STYLE: Hip-Hop RATING OUR PRODUCT CODE: 164198-25011 LABEL: FORMAT: CD Album ITEMS: 1
Reviewed by Tony Cummings
I'd kind of assumed that Isatta's attention-grabbing name was a play on "I Shot The Sheriff". But as the Londoner's "musical habitat" she refers to on "Forget About The Fame" is hip-hop and grime rather than reggae, maybe not. What is clear that the MC formerly known as TOR shows on this album is that she is a powerful voice for the growing numbers of Britain's disenfranchised and this deeply personal album, recently selected by broadcaster Mike Rimmer as one of his albums of the year, is a creative tour de force. The traumas that Ms Sheriff has been through while writing the material on this album would have knocked over many artists. But Isatta is a fighter as she proclaims on "Heart To Art". The rapper has gone through her mother being diagnosed with cancer for a second time and losing two of her much loved cousins who were murdered on London's mean streets. But here the emcee's flows make their numerous points with passion but never bitterness. One of the rapper's cousins Myron Yard was taught by Isatta at music college and was due to be featured on a remix of "Kin" which also pays tribute to her mother ("my mum never quit"). Over some inventive production Isatta's flows are consistently inventive though on a track like "Coasting (ftg Terri Walker)" so fast I defy anyone to catch many lines. Cultural and racial unity are explored on "Burning An Illusion" (one great line, "bilingual not by choice, but glad of it") while the Messiah is namechecked on the song. All in all, a dazzling album.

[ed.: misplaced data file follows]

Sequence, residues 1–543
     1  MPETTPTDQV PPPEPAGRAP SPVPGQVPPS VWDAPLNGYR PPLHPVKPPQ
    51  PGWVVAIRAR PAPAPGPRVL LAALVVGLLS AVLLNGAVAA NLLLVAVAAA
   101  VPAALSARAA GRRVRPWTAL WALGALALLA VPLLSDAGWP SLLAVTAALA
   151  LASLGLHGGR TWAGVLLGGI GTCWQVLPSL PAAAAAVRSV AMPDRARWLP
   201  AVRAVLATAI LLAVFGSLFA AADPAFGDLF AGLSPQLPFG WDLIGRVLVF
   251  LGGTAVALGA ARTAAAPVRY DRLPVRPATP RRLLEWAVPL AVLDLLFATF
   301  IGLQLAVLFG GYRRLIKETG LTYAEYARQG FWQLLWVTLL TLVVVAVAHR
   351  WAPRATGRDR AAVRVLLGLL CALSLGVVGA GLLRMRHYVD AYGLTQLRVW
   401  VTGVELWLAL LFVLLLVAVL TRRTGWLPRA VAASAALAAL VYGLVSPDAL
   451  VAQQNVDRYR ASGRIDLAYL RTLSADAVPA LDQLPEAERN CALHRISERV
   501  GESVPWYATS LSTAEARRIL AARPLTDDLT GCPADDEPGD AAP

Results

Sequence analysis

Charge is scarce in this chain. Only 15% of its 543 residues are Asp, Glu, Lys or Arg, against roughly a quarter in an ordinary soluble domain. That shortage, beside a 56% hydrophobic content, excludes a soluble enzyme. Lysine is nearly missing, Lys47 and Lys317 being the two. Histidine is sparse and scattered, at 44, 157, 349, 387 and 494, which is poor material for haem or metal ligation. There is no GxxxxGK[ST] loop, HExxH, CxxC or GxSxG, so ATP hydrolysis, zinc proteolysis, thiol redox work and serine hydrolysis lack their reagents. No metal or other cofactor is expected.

The opinions expressed in this article are
not necessarily those held by Cross Rhythms. Any expressed
views were accurate at the time of publishing but may or may
not reflect the views of the individuals concerned at a
Interested in reviewing music? Find out